It’s supposed to be a deer..but it looks like Jack to me.
Oh Vice. You are so awesome. So in this response to that OTHER video with 20 gorgeous models kissing for the first time in gorgeous clothes..this is 20 strangers from the street kissing each other for $33. And I gotta say…add a sappy song on top and I would love it JUST AS MUCH. Seriously. It’s still pretty awesome to see how it changes people.
See it here..I couldn’t figure out how to embed this one.
The older I get, the more I understand how tragic life can be, how little it takes to shift from one road to the next and how irrelevant it is to judge others on their blundering path through life. We all blunder at some point. I just finished watching Stories We Tell, a documentary about a girl, the director, who is in search of understanding her deceased mother and her living father, and her newly realized biological father, a result of an affair with a man who 30 years later still loved her to the depths of his core. You can tell. The story slowly unwinds through the articulate interviews with brothers and sisters and also, the written story as spoken by her father. This movie has a lot to say about love, life, and the search for truth of relationship or existence.
Much of the film is composed of interviews and vintage home movie footage, but some of the scenes are reinacted, with actors, which comes as a disappointment to me and what I thought was the directors search for truth. They seem misplaced in their attempts to recreate reality, going a step further than the spoken “truths” of those vocalizing their memories of the mother and the events that transpired. There is a scene in the film that is one of the more beautiful moments I’ve ever seen in a film though, and it’s really pure perfection of story, edit and sound track working in perfect harmony creating something that speaks so much louder than any one of it’s parts could ever reach.
It’s worth watching the film just for that minute..but if you don’t..it’s this song below, Demon Host by Timber Timbre, playing and one by one each person who has been in the film up to this point is shown sitting in silence/thought with their faces bearing the weight of their memories. If ever there is truth, it is in that moment, on each of their faces.
The film is definitely worth a watch. You can get to it here. Stories We Tell.
The Silence of Dogs in Cars – Martin Usborne
I absolutely love this series of photos of dogs in cars. The artist Martin Usborne states that the series was shot in response to a childhood memory of being left in the car and feeling as if no one would ever come back for him, if perhaps he would be alone forever. While many of the images feel very much staged with perfect scenes and perfect lighting, it’s clear to me that the dogs weren’t given the agenda and have either settled in for the wait, or are anxiously fretting the return of their person. I really can’t say anything any better than this reviewer, on Yatzer.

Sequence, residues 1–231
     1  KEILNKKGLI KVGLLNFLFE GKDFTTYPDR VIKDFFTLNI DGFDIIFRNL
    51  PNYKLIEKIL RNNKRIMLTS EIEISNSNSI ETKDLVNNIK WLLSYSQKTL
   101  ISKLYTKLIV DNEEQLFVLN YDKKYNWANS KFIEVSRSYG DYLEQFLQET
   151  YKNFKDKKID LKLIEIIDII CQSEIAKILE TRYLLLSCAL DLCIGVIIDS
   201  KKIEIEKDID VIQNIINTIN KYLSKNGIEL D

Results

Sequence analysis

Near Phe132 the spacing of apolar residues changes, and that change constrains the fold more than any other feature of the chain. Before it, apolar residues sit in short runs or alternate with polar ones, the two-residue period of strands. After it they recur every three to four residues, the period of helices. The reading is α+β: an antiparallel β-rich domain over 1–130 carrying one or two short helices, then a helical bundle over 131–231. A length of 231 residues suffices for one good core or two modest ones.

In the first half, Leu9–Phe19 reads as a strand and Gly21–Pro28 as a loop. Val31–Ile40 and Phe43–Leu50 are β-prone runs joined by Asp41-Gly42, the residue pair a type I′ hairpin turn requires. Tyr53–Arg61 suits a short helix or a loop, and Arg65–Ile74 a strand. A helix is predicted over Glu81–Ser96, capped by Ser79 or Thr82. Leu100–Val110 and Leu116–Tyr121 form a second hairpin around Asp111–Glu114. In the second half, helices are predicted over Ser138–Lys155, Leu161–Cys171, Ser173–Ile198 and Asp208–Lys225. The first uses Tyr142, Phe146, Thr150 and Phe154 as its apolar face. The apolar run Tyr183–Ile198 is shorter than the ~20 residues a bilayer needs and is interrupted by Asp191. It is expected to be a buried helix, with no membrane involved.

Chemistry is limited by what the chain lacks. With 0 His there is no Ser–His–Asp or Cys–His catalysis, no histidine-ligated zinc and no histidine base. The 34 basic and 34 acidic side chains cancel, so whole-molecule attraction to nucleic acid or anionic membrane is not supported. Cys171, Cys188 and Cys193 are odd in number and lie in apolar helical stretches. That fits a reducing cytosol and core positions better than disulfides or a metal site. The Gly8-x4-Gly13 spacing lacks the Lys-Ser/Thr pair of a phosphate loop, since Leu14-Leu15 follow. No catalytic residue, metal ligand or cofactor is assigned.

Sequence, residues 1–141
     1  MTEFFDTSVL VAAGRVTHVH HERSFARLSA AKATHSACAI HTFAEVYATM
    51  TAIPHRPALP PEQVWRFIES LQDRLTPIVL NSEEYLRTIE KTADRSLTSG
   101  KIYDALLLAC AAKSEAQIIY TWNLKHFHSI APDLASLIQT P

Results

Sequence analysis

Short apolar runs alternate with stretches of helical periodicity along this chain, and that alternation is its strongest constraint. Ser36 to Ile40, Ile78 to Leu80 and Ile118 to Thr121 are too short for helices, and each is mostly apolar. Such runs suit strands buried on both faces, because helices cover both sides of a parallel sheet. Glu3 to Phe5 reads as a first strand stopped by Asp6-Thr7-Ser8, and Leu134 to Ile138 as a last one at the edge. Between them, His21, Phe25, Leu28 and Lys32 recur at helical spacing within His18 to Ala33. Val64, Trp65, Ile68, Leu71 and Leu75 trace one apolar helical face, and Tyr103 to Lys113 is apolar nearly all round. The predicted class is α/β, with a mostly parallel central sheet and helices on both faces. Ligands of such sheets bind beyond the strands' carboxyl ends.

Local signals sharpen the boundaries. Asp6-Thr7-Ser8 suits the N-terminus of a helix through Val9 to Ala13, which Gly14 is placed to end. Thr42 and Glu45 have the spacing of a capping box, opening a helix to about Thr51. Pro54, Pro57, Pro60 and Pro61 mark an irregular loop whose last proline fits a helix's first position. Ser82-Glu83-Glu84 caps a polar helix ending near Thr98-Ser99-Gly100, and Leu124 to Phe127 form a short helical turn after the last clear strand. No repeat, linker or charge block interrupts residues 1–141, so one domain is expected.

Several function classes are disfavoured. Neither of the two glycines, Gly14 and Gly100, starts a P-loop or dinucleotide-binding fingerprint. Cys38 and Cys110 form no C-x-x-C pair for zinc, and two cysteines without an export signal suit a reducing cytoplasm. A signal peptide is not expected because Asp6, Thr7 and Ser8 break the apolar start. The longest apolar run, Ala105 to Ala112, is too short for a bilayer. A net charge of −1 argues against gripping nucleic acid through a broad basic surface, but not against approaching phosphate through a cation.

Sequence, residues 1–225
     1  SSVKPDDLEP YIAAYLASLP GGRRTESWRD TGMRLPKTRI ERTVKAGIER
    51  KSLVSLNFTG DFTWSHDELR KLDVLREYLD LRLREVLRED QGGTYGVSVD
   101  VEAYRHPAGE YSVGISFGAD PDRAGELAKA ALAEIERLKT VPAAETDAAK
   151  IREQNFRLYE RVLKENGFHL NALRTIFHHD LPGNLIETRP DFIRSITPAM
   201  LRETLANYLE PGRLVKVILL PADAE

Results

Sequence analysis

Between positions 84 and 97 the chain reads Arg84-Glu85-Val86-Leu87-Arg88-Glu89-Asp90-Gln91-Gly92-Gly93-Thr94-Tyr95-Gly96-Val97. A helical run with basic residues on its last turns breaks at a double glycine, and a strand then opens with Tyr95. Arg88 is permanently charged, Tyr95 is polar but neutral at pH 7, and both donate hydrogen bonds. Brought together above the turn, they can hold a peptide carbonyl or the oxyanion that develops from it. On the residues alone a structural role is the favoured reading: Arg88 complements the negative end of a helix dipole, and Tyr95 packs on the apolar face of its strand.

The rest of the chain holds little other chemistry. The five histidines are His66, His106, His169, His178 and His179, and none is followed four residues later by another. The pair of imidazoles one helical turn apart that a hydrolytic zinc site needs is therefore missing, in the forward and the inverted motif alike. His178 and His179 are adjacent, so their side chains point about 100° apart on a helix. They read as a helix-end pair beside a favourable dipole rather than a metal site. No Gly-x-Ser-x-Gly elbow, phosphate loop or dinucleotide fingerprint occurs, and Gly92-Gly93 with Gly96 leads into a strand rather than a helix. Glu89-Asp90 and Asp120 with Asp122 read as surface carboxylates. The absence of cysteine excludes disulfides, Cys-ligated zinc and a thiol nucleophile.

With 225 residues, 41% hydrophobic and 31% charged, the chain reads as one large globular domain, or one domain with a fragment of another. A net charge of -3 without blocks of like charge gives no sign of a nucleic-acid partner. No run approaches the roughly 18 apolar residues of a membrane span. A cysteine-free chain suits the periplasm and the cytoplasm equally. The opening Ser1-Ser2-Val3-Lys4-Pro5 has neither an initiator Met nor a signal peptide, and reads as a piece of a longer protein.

Conveying Usborne’s preoccupation with the separation that exists both between humans and (other) animals and between ourselves, ‘The Silence of Dogs in Cars’ is a haunting portrait series of dogs as they sit and wait inside locked vehicles. Setting out to perform a cathartic experiment, the photographer re-enacted the fear that he couldn’t bear as a child. Over the course of more than forty images in the series, Usborne paired a variety of settings and cars to dogs, documenting their commanding reactions as they faced the same fate he did when he was young. Silence and solitude prevail as the canines’ expressions shift from sad to expectant, angry and dejected. Seemingly sheltered and protected, yet utterly vulnerable, they wait, trapped, appearing to be uncertain of what lies ahead.
However, in what appears to be a darker and arguably rather invigorating twist in the portrayal of a pictorial commonplace – the incessantly-photographed ‘man’s best friend’ – we also find a poignant series that hits close to home. Masquerading as animal photography, the series sees Usborne subtly shifting the focus away from his canine subjects, as he projects man’s worries, anxieties and deepest fears onto them. Honest and raw, the images convey an immediate emotional honesty that only animals can express. Behind their uneasy expressions and piercing stares, we recognize a realm of feelings that we usually suppress; the fear of the unknown, the fear of being alone and unheard. A fear universally felt but with no outlet to be expressed. In this vein, Usborne’s mesmerizing images are not so much about dogs but about those horrible feelings that inevitably arise in all of us from time to time.
Horrible feelings indeed. Some of these images brought such emotion to my heart I teared up immediately.
More photos and write up here on Yatzer.
led me to this..
Which made me cry.
And then led me to this book of poems she wrote….